Why a Robot Needs Legs
In the field of social robotics, a robot must be able to function in a human world designed by humans, including navigating stairs, steps, and uneven floor coverings. Social robots must also be able to communicate with people, including verbal and nonverbal social cues. The use of robotic legs is vital for both of these functions since they provide robots with autonomy and serve as an essential tool for non-verbal communication.
In fact, according to research conducted by Albert Mehrabian, author of Silent Messages: Implicit Communication of Emotions and Attitudes, 93% of human social interaction is nonverbal. So, social robots with robotic legs have a “leg up” in communicating with humans. For instance, robots with legs can choose the most appropriate angle and distance to their conversational partner depending on the type of relationship. They can utilize movement synchrony to increase bonding, and mimic subconscious human behaviors that convey social meaning to better connect with humans.
Watch The Making of Sophia: Sophia’s Legs
The Making of Sophia’s Legs
Sophia the Robot, our latest and most advanced robot, is a social humanoid robot that also serves as an AI and robotics research platform. Sophia’s custom robotic leg design began in 2017 by the Rainbow Robotics Lab at the University of Las Vegas in partnership with the Korea Advanced Institute of Science and Technology (KAIST) and debuted at CES 2018.
“Integrating Sophia with a (robotics) body that can allow her to walk completes her physical form so she can access the full range of human experiences, which will help her learn to live and walk among us,” —- David Hanson
The foundation of Sophia’s leg design, including control software and state-of-the-art sensors, is based on a Korean social humanoid robot named Jaemi-HUBO (HUBO 2), a predecessor of DRC-HUBO, the distinguished award-winning disaster relief robot who can either walk or roll using wheels on his knees. Both Jaemi-HUBO and Sophia’s legs are similar to those of DRC-HUBO, but they are both smaller and more focused on social interaction. For example, Sophia’s legs were customized for her height and mass to fit the proportions of her torso and to increase her walking stability.
You might be familiar with another famous HUBO robot with similar robotic legs, Albert HUBO, also designed as a collaboration between KAIST and Hanson Robotics.
Sophia’s legs are powered similarly to DRC-HUBO and Jaemi-HUBO, with twelve 48 V motors, a total of six for each leg. The two sources of power are the main power board on her back and the battery packs on her legs, which also power her torso and head.
It’s Called PODO Software for a Reason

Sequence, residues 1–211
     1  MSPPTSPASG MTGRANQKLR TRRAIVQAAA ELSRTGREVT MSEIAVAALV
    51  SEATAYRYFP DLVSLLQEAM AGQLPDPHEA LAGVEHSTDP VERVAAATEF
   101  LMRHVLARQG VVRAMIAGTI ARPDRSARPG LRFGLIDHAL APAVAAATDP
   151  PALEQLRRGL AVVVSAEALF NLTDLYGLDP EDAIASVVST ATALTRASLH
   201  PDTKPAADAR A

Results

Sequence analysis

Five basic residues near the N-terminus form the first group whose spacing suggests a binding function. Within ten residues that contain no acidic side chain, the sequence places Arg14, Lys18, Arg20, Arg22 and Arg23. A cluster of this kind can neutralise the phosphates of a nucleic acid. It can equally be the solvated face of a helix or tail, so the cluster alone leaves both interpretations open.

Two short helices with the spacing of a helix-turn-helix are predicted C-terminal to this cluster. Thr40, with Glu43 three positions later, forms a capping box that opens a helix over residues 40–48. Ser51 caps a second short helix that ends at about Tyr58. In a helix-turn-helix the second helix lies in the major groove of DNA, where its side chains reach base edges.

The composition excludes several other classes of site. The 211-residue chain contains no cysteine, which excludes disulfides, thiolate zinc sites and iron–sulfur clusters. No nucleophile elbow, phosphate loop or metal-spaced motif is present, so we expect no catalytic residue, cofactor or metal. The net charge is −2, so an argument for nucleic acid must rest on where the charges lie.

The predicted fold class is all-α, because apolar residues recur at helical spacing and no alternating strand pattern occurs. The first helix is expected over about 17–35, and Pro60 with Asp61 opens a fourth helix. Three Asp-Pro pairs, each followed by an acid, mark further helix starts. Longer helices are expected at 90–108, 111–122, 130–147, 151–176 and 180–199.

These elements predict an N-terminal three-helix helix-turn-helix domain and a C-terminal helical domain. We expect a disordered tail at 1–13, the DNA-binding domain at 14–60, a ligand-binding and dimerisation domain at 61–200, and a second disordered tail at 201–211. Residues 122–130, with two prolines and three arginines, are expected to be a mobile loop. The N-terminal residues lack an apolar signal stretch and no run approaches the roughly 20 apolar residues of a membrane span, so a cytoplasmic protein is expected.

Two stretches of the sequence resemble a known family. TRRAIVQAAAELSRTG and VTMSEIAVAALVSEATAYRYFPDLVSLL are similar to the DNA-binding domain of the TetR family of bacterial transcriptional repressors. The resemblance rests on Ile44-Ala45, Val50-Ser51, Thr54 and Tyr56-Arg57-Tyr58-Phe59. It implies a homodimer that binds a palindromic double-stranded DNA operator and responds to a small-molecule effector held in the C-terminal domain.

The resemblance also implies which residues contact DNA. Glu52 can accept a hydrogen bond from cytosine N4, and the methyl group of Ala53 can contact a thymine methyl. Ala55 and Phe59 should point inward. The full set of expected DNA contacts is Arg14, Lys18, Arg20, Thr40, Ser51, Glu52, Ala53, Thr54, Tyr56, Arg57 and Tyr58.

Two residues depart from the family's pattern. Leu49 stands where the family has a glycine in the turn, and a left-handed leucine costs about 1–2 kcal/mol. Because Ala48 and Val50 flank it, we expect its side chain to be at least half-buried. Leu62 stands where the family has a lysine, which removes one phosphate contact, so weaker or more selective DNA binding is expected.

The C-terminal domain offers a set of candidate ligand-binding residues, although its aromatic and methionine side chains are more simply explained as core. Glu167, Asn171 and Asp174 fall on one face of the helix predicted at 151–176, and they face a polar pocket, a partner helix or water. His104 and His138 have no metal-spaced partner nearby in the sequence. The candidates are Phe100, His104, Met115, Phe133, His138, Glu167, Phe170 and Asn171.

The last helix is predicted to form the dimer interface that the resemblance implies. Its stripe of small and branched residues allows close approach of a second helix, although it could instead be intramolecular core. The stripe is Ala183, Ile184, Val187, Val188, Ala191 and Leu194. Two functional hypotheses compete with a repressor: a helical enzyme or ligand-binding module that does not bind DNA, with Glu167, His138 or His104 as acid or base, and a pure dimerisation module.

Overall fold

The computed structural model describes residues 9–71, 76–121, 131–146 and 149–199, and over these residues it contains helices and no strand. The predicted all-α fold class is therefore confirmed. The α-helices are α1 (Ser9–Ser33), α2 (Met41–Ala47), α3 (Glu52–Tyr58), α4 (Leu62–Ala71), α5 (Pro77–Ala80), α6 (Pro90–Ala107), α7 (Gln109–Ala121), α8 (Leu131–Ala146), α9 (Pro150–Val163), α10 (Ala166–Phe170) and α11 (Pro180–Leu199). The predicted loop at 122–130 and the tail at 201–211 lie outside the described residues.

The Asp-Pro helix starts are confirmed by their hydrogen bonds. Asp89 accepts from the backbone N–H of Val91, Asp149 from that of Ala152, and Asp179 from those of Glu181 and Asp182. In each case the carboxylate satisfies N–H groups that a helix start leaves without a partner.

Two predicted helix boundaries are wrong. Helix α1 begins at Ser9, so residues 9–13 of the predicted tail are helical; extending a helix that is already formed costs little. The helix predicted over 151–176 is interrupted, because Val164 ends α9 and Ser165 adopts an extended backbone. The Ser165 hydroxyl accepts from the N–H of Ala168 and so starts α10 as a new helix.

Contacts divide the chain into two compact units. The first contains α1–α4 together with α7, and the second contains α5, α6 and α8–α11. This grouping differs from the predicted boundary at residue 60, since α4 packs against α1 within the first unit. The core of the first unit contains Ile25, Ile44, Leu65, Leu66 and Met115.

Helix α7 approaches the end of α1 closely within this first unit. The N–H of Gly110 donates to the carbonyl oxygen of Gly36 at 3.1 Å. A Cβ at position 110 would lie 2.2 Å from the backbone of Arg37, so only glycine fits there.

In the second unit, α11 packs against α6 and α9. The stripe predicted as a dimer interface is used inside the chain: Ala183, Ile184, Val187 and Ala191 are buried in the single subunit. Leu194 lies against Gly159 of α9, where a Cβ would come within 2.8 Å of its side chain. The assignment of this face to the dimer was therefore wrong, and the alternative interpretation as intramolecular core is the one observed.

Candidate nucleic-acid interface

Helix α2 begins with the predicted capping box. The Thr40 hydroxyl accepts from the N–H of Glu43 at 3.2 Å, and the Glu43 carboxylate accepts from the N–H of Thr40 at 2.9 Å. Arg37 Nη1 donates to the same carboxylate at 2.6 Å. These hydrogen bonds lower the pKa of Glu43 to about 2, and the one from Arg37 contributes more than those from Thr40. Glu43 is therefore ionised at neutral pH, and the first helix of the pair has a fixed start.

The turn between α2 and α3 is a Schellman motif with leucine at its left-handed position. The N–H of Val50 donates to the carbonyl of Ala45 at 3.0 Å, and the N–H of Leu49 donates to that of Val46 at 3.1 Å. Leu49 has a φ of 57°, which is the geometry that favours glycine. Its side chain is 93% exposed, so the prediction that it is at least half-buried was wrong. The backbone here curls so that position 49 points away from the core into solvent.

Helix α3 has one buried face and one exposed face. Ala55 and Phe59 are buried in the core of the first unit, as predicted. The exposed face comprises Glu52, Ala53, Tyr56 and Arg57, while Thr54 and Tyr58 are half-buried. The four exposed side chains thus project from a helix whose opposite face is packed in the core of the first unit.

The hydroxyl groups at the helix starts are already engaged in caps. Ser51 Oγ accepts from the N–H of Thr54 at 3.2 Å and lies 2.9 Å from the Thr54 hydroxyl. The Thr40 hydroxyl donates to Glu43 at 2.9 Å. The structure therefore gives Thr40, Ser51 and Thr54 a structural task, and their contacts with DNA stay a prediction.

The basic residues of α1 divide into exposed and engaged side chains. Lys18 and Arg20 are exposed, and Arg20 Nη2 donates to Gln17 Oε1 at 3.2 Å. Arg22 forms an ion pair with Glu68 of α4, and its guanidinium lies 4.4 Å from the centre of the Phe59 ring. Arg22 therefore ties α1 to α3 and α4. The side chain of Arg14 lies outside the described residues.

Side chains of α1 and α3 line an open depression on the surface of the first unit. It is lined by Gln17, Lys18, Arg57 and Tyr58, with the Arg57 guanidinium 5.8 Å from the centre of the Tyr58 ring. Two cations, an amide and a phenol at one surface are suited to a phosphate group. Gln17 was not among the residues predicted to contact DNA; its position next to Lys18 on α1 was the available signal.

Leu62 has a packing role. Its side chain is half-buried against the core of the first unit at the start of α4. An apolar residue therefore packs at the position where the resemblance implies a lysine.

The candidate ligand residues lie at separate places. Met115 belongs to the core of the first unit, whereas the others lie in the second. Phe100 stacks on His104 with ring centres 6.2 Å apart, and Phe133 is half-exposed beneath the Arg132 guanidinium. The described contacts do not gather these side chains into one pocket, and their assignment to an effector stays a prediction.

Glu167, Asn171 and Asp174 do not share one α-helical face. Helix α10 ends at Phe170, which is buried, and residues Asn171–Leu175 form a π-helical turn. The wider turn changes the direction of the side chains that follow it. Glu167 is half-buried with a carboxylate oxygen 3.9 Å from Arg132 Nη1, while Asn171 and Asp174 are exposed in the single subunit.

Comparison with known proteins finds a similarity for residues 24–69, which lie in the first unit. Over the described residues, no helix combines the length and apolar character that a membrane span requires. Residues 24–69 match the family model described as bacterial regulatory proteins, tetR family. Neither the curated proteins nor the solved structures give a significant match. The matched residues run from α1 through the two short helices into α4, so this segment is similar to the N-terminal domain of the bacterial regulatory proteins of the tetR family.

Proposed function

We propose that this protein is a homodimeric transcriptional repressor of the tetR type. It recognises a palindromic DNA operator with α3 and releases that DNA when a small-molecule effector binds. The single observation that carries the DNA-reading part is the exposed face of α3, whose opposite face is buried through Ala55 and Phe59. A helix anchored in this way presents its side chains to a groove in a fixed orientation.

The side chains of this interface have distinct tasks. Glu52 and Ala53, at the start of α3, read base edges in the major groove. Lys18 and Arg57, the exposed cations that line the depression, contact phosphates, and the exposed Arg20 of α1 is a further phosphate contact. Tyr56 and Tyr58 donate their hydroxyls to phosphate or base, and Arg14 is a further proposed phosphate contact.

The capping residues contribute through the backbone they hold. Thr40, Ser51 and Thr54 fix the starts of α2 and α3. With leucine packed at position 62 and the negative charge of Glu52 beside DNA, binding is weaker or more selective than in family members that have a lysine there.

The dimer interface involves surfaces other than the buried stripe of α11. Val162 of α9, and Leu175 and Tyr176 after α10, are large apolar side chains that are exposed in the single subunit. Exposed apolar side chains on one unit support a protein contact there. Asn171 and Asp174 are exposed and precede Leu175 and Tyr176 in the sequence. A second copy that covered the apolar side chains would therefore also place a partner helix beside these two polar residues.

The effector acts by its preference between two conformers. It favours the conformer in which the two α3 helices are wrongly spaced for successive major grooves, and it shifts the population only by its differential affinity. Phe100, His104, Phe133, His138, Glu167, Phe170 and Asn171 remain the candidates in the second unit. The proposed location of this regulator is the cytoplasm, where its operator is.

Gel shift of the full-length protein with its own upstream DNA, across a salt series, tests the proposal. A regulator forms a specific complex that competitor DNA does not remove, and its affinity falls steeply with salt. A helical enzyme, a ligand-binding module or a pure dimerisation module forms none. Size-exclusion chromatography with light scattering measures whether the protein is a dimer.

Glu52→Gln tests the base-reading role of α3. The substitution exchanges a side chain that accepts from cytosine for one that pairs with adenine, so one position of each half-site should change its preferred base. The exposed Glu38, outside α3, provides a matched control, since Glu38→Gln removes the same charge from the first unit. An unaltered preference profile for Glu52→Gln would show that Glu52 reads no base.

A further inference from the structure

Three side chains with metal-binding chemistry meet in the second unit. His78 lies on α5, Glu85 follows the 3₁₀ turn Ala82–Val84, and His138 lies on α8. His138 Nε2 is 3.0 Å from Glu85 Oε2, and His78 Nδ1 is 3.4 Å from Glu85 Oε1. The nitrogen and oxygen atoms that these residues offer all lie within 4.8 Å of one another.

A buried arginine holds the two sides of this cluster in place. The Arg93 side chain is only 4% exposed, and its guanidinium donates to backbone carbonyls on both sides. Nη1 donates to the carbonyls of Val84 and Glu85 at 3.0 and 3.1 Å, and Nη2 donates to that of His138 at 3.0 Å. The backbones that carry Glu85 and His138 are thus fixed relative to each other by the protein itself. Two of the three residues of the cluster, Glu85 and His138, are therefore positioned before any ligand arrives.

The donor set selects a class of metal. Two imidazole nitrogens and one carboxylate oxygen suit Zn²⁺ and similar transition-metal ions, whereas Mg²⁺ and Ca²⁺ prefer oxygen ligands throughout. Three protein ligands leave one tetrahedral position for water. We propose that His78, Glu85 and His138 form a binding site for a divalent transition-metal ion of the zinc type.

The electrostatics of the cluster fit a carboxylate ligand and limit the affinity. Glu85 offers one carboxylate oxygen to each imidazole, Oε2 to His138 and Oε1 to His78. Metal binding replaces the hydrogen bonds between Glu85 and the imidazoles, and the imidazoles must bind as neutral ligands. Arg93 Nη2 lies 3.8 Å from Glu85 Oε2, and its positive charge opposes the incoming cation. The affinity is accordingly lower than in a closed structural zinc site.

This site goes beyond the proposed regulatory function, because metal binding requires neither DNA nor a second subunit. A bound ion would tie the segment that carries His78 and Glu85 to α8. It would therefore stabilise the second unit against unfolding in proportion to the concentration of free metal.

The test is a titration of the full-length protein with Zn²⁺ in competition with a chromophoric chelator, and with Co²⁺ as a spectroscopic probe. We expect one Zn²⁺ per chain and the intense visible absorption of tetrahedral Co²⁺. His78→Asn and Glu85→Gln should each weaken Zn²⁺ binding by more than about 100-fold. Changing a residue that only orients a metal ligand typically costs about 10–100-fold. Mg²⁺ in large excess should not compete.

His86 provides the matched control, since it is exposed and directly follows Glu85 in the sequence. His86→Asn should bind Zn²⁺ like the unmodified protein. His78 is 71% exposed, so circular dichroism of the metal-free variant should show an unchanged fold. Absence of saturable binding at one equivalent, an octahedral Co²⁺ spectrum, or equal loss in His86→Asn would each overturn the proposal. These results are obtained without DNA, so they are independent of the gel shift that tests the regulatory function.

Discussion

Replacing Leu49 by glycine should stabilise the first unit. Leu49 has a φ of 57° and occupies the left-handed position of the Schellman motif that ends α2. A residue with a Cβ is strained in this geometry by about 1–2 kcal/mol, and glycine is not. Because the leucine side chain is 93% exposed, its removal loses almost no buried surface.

To control Sophia’s legs, a customized version of the PODO software, originally designed for operating DRC-HUBO and Jaemie-HUBO. PODO means “grape” in Korean, and so the software is aptly named because each program can be integrated and removed from the main root quickly and easily. In this way, each independent program or algorithm comes together like a cluster of grapes. The real-time robot controlling framework allows multiple people to work independently and concurrently.
In the humanoid walking world, one on-going topic of research is the ability to handle uneven terrain. What humans typically think of as “flat” terrain can have a lot of variances, including slopes and small bumps or depressions in the ground, which are difficult for humanoid robots to navigate. The PODO software, however, includes state-of-the-art walking algorithms such as Model Predictive Control (MPC) walking, allowing the controller to respond to future disturbances before they happen. As a result, Sophia can stay balanced while walking over uneven ground, including slopes or changes in flooring material.
The Hardware Perspective
Sophia’s leg design includes some of the most advanced and high-end sensors in the world. These sensors include a state of the art Inertial Measurement Unit (IMU) that allows Sophia to measure her acceleration, rotational rate, balance, and trajectory. Sophia’s legs also have Force-Torque (FT) sensors that will enable her to “feel” how she is walking based on the forces acting on her body, and then adjust accordingly. In other words, for every step she takes, Sophia looks ahead for disturbances, calculates her balance and trajectory, and then makes adjustments to stop from slipping or toppling over.
What Sophia’s Mobility Means
Giving Sophia mobility through her robotic legs has allowed her to become more autonomous and experience the richness of the physical human world. Similarly, a walking social robot will enable humans to connect with Sophia in a completely different manner. As Hanson Robotics’ founder David Hanson stated, “Integrating Sophia with a (robotics) body that can allow her to walk completes her physical form so she can access the full range of human experiences, which will help her learn to live and walk among us.”
With hundreds of hours of development, cutting edge software, state of the art sensors, frequent tuning and calibration, Sophia can achieve what humans do with hardly a thought: walk.
It’s one small step for Sophia, one giant leap for robotkind!
The Hanson Robotics Team
Photo and Video Credits: Hanson Robotics Limited